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Boston police sergeant honored for 45 years of service

“On behalf of a grateful police department and city, thank you for your years of dedicated service,” Police Commissioner William Evans (left) said of Sergeant James “Jimmy” Earle.

Boston Police photo

“On behalf of a grateful police department and city, thank you for your years of dedicated service,” Police Commissioner William Evans (left) said of Sergeant James “Jimmy” Earle.

A Boston police sergeant, who during his 45 years of service caught drug dealers outside of nightclubs, was struck in his cruiser during a screeching car chase, and performed CPR on a dead fisherman under the threat of his 175-pound guard dog, has officially put in his two weeks’ notice.

Sergeant James “Jimmy” Earle was presented today with two plaques and some words of praise by Police Commissioner William Evans during a meeting today at police headquarters.

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“On behalf of a grateful police department and city, thank you for your years of dedicated service,” Evans said to a crowded room of police officers, passing the plaques for Distinguished Service and a Commissioner’s Commendation to Earle. “We’re going to miss you.”

Earle graduated from the Boston police academy in December 1970, joining a long line of policemen in his family.

“It was the family business and I always wanted in,” Earle said in a statement. “My dad was a cop, my uncle was a cop, and when I was a kid, I used to tell them that when I grew up, I was going to join them.”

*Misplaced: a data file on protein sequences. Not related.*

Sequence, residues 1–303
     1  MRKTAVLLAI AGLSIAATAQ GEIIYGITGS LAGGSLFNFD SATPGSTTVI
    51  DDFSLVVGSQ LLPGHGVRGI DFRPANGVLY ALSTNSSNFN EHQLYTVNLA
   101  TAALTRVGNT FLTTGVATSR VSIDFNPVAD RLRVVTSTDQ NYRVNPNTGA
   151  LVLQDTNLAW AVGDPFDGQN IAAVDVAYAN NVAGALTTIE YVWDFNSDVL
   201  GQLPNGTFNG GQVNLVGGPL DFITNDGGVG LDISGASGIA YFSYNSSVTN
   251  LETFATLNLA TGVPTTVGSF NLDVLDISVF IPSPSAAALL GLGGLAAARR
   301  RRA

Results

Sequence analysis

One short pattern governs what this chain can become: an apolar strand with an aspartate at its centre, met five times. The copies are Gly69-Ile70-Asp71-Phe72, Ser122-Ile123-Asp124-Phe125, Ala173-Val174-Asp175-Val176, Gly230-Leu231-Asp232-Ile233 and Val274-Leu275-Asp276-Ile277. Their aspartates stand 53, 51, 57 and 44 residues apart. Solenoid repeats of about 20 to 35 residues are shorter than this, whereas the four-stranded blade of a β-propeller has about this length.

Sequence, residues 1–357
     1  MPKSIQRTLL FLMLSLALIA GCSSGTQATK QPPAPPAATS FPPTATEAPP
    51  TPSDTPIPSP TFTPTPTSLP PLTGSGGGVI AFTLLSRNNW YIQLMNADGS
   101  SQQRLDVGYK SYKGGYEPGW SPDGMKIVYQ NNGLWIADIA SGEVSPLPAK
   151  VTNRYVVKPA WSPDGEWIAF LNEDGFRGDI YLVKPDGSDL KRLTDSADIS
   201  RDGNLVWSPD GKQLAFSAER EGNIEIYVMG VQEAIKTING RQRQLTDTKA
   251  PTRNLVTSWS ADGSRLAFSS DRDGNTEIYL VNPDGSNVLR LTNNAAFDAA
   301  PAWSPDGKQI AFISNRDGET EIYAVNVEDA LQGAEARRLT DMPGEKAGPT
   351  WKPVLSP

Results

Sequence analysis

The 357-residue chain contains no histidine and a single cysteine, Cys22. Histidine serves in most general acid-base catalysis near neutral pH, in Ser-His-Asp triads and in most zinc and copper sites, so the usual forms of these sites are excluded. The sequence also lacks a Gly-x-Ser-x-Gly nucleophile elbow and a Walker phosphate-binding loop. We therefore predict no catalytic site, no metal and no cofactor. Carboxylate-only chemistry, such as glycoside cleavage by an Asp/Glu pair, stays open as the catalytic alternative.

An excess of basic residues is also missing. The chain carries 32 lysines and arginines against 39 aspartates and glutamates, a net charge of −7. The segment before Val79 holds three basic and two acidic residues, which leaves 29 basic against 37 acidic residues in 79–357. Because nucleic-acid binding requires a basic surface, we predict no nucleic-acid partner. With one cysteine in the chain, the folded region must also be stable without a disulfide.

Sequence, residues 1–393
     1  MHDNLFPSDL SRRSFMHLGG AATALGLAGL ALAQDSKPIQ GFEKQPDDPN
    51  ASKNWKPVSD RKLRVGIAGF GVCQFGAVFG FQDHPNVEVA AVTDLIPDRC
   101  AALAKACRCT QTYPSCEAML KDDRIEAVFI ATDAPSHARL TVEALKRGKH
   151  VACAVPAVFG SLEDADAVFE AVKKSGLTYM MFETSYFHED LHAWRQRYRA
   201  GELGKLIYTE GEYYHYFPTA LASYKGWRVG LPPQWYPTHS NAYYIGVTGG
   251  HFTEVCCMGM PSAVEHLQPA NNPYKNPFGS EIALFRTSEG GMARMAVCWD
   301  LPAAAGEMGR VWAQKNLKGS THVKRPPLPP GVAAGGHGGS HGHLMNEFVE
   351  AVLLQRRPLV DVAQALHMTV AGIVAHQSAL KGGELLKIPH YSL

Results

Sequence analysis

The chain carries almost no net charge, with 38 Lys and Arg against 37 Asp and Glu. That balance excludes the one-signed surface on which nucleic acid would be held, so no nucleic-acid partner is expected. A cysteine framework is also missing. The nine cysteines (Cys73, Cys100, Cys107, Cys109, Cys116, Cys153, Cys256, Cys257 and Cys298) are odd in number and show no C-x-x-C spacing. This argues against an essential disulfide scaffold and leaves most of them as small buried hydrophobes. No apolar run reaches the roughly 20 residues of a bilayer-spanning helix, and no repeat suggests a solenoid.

Earle gradually worked his way up to sergeant.

“The toughest part of the job was being away from family,” Earle said in the statement. “The public sees the salaries we make but they don’t see the hours.”

During his time of service, Earle said he has seen the Boston Police Department evolve, particularly in terms of technology.

“When I first got on, everything was handwritten,” Earle said. “Now it’s all computers.”

But after more than four decades of sweeping crime from the streets of Boston, Earle says he is ready to leave his office in downtown Boston for the last time on Feb. 27.

“As you can well imagine, we meet all kinds of people — but I’ve met more good than bad,” Earle said in his statement, which was transcribed by a Boston police spokesman. “People expect a lot of us, and they should... and even though they may never say it, they appreciate good work and being treated well.”

Catalina Gaitan can be reached at catalina.gaitan@globe.com. Follow her on Twitter at @catalina_gaitan.

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